As we gathered sleepily in the conference rooms early in the morning, host John Hanson said that Toyota's hope with this one-day seminar was to present the complexity of the sustainability mobility situation and to highlight the challenges that the world is dealing with. The solution is not just the cleaner-than-they-used-to-be four-wheeled vehicles that Toyota is building, but also its partnerships and transportation alternatives, a reduction in how much energy and resource we use, better regulations, and so on and so on and so on. Seriously. By 3 p.m., our heads were swimming but still, Toyota succeeded in Hanson's stated goal. The six or so hours of presentations and Q&A sessions provided a lot of answers and raised a few questions about just what we're going to do in the coming decades. If nothing else, we learned that Toyota is thinking about the problem.

Follow us past the jump for the full story.


The first speaker of the morning was Dr. Peter Wells (above), who talked about "The Peak in World Oil Supply." Toyota was setting the stage very clearly starting at 8 a.m. Wells, a great fan of nuclear power because it's the only industrial solution that can provide the energy capacity needed around the world that can supplant oil, has spent a long, long time researching the world's oil supply and he knows that there will be no great changes up or down coming in the next decade or so.

During the 1980s, a price floor of around $18-20 a barrel was set, determined by the needs of the Saudi Arabian budget, and Wells said that a lot of analysts are still living in that world, while there was plenty of excess capacity and the challenge oil producers had was to stimulate demand. Now, though, we live in a world with very little spare capacity, maybe around 1,500,000 barrels a day. A hurricane in the Gulf of Mexico, for example, can wipe out that excess out overnight, and so the price of a barrel of oil is much less stable than it was throughout the last 20 or so years.

There are two ways to get more oil out of an oil field: enhanced oil recovery and field upgrades. While both can get more oil out today, it's only the EOR that really adds to our supply. EOR means we've discovered a new technology – miscible non-hydrocarbon gas, for example – that allows us to get at oil that would've remained in the ground without this new technology. A field upgrade, which is what most of the "new oil" we hear about in the news is, is simply using a technology like horizontal drilling that gets the oil we would've gotten anyway out faster. Sure, this upgrade is better for the economics of the field now, Wells said, but it doesn't really add any oil to the overall global supply, and all of Wells' models show a serious decline from this point forward, especially in the non-OPEC oil sources. "We still have a lot of oil to go," he said, "it's just that it's not increasing, which is a huge difference for the market."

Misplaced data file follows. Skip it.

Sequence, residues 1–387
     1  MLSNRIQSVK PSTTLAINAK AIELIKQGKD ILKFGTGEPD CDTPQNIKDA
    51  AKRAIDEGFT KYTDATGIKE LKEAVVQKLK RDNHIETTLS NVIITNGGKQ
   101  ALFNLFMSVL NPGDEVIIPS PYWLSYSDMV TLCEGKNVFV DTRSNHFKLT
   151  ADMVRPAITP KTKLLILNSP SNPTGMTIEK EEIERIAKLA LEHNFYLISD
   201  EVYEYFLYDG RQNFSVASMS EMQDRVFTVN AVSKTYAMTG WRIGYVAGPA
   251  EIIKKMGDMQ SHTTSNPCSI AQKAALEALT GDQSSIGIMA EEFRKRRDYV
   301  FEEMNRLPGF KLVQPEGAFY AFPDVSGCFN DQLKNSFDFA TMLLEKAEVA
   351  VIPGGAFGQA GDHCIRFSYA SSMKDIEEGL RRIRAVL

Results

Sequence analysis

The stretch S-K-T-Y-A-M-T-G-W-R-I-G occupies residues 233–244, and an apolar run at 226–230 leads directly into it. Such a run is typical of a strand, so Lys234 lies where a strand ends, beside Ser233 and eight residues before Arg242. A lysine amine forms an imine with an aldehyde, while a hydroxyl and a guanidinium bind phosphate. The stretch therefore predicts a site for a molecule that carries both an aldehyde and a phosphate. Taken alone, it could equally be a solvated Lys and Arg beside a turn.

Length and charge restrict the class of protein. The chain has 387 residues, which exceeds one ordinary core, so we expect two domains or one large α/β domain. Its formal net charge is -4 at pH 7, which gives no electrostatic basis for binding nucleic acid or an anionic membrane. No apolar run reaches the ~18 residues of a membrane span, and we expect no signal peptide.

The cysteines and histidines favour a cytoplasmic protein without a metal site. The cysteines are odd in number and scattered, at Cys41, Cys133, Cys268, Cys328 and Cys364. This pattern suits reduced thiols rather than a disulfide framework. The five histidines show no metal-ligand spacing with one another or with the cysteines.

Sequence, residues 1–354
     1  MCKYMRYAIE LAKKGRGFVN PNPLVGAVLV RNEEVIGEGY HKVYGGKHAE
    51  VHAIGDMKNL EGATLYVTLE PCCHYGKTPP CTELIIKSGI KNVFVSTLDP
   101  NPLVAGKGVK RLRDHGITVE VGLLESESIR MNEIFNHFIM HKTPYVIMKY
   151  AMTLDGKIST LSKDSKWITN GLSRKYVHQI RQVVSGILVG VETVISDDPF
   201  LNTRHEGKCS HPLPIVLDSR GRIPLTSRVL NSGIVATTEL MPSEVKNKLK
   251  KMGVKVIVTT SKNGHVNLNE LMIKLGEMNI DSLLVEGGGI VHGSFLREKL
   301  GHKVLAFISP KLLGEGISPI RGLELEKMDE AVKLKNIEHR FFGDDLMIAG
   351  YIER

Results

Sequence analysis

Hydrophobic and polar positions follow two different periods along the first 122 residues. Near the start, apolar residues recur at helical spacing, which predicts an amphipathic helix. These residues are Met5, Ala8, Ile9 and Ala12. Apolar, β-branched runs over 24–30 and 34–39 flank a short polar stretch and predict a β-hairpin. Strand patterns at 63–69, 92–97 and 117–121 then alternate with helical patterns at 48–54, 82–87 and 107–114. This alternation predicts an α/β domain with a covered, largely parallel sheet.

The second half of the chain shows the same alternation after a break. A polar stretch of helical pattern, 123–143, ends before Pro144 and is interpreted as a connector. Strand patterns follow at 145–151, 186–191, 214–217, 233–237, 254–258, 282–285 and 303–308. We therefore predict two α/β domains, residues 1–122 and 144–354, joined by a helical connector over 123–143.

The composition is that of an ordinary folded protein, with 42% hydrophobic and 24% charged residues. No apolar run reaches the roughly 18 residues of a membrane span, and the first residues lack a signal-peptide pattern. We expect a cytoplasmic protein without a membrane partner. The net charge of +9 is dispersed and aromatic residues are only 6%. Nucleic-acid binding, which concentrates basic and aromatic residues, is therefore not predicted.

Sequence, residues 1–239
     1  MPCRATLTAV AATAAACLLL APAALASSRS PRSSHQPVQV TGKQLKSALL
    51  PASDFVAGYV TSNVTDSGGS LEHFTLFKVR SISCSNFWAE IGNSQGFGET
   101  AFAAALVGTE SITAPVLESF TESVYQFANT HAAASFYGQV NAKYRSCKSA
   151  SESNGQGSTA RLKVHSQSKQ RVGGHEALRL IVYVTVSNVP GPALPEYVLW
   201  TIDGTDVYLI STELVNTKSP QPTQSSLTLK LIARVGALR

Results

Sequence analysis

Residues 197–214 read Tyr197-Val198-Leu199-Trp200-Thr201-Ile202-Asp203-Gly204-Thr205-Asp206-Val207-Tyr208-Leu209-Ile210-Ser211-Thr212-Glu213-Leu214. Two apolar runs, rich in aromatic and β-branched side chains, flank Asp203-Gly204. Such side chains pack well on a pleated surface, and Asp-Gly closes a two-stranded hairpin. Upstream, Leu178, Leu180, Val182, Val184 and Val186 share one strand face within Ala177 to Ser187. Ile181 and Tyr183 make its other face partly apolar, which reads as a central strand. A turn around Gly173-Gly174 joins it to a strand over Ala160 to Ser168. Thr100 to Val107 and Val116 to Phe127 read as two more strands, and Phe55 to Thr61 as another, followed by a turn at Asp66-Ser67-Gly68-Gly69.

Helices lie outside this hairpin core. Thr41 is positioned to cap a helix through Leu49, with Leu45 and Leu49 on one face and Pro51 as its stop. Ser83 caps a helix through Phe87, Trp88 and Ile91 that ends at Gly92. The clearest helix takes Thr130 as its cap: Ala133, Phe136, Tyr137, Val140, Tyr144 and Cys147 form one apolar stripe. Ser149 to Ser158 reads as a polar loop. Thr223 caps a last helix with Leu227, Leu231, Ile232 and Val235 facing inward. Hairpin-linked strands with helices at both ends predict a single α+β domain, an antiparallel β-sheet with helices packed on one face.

Speaking of OPEC, they're in no great rush to increase production. If they do, the result would be lower oil prices. Why would you work harder to make less money? They're not totally against production increases, especially considering the spare capacity competition between Iran and Saudi Arabia, Wells said. These two countries broke ranks with Jan Kreider standard and now others are following suit in order to not lose market share. Wells said that Venezuela, Iraq, Iran and Saudi Arabia all have plenty of production capacity, but they have all agreed to an upper production limit. All told, OPEC could add 10 million barrels a day of capacity (mid-case) if they wanted to. Political situations, though, mean that there's no guarantee we'll ever see that oil.

The peak for world liquids (meaning oil, as well things like biofuels and Canadian tar sands) production will happen sometime between 2017 and 2023 and it'll be set at around 100 million barrels of oil a day. Mitigation measures – using non-gasoline sources for transportation, using more of each barrel of oil for transportation (by not using the heavier parts for home heating, for example) – are possible, but this deadline is looming and carmakers need to be prepared for major fluctuations in price, Wells said, and they need to offer vehicles that a variety of energy inputs and overall more efficient engines.

You can listen to Well's full presentation here (56 min):



while you click along with the presentation here (should probably open the slides in another tab):






Up next, Dr. Tim Barnett. Barnett's talk described the realities of water in the Western U.S. I'm including it here for completeness but he didn't really talk about how this affects cars and automakers (the connections were pointed out later in the day). The takeaway point is that only, and this is important, only the impact of human activities explain the climate change that's happening in the Western U.S.

Listen here (34 min):



Watch here:



Our report continues here.

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